Sustainability is a word that we’ve been hearing more and more of. It’s a broad umbrella term that can be applied to various facets of life. We hear it used for our personal daily habits, in governmental policies, in technology, in all aspects of business (like in production, governance and marketing), and now even in investment banking.
Sustainability is an approach that looks at three major pillars: the environment, the economy and social equity. It asserts that resources are finite and we as a society need to consume them in a conscious manner that allows future generations to benefit from them as well.
Below are a couple definitions of sustainability:
- The UN Commission on Environment and Development definition of sustainability: “sustainable development is development that meets the needs of the present without compromising the ability of future generations to meet their own needs,” (Euro-lex).
- The UCLA Sustainability Committee defines sustainability as “the integration of environmental health, social equity and economic vitality in order to create thriving, healthy, diverse and resilient communities for this generation and generations to come. The practice of sustainability recognizes how these issues are interconnected and requires a systems approach and an acknowledgement of complexity” (UCLA sustainability charter).
Sustainability In Our Daily Lives
As individuals we can make small conscious changes in our daily behavior. These small actions can actually have a long term impact. It’s about looking at the habits we have and the products that we buy.
A couple easy examples on how we can become more sustainable are by avoiding single use plastics and swapping out items, like menstrual cups instead of tampons for women.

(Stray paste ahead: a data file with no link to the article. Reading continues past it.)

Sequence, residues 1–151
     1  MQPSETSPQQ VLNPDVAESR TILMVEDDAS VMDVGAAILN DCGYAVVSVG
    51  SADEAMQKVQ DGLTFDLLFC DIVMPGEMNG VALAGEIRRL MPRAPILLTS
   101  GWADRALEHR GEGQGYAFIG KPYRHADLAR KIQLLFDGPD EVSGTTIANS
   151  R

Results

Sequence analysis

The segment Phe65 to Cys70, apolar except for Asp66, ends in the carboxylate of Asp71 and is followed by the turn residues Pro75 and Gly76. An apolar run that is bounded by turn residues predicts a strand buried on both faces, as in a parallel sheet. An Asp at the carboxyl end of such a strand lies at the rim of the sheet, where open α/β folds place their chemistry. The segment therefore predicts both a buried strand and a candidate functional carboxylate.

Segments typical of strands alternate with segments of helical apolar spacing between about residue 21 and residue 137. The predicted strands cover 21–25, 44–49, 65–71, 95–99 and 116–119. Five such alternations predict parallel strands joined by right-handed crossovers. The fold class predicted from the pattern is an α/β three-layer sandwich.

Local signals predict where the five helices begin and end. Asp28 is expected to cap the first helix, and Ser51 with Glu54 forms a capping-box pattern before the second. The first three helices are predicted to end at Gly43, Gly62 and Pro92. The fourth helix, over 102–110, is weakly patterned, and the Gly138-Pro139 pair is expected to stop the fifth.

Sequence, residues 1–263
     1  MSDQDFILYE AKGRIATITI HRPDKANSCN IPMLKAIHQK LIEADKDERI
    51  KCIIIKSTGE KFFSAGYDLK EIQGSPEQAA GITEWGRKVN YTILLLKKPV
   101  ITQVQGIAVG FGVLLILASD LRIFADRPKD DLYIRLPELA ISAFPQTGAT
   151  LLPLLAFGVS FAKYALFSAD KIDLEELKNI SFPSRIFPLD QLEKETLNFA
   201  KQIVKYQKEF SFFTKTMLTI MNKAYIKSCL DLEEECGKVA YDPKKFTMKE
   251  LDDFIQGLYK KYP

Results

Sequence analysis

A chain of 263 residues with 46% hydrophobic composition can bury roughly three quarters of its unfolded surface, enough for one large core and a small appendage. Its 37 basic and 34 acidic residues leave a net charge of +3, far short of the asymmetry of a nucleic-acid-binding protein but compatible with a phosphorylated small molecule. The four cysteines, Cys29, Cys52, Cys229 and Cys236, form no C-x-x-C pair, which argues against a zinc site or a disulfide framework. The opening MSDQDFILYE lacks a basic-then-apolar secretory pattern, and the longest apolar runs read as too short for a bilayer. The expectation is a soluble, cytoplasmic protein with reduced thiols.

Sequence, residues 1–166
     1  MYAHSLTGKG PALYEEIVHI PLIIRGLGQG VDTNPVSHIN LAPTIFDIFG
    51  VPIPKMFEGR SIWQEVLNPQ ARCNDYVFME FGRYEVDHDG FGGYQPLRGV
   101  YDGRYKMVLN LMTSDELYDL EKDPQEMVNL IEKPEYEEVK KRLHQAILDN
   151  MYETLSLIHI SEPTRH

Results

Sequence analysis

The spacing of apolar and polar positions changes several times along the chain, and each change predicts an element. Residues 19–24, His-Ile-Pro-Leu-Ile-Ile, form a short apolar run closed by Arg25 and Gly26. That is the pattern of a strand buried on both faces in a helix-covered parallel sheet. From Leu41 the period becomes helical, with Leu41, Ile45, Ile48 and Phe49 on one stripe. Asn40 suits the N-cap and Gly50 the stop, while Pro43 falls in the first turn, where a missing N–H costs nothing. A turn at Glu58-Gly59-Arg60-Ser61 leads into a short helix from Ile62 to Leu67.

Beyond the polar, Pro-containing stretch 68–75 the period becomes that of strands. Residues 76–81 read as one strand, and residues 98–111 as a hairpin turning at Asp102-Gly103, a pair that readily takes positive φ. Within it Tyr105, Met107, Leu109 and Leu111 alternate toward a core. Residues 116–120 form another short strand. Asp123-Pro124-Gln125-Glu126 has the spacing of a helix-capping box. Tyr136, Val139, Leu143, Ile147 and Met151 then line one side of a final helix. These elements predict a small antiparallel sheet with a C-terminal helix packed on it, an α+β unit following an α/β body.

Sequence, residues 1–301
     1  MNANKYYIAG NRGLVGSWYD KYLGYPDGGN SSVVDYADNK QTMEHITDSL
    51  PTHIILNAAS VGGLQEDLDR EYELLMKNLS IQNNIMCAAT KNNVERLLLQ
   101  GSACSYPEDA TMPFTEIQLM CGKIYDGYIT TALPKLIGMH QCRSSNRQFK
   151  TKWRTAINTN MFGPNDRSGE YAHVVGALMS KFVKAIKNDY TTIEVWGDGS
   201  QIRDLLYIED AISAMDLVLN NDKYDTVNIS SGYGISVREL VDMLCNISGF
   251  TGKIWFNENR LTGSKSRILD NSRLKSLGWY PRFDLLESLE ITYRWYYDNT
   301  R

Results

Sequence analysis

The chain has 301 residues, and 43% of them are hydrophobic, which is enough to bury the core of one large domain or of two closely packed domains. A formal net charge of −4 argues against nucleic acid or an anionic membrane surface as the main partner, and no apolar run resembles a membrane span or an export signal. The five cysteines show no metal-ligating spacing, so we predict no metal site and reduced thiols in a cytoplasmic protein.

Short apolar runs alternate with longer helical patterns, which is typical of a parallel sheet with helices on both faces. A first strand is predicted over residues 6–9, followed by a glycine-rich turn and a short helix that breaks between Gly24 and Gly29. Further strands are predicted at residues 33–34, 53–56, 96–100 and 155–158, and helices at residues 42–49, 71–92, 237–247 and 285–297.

Researching products and the companies that we buy from is also an important tip to adopting sustainable actions in our daily lives. One of the obstacles we are seeing and will continue to see more of is greenwashing.
Unfortunately we can’t always take a company’s marketing at face value and it can be difficult to understand whether the product you’re interested in is really the most sustainable option.
Sustainability In Government Policies
Europe is leading the way in developing sustainability policies that impact cities, businesses and individuals. For example, many European cities are creating infrastructure like creating bike lanes and making bikes and electric scooters easily accessible to their citizens. They also create different incentives and restrictions in construction and reconstruction for it to become more energy efficient. Europe is providing funding to plant 600 million trees by 2030 and are planning to prevent deforestation.
Countries from around the world meet at conventions to make pledges to reduce their carbon footprint. These issues, however, are complex and multi-faceted. Although it’s positive that we, as a society, are talking about these issues, some believe that several of the most polluting countries are not taking quick enough actions.
Sustainability In Business
Business is a huge part of modern society and it’s right for us to question whether a business, company or even industry is sustainable.
Companies are being heavily steered by consumers to become more socially and environmentally responsible. Investment incentives by banks that analyze a company’s ESGs are influencing businesses to develop sustainable practices in relation to the environmental impact, social responsibility and the company’s governance.
The circular economy model is a sustainable business model that looks at the life cycle of a product from sourcing the raw material to the waste management of that item. By creating systems at every stage of a product’s life cycle, businesses can make leaps in reducing their environmental impact.
These new business models, trends and green investing schemes are creating new job markets with lots of new work opportunities across all industries.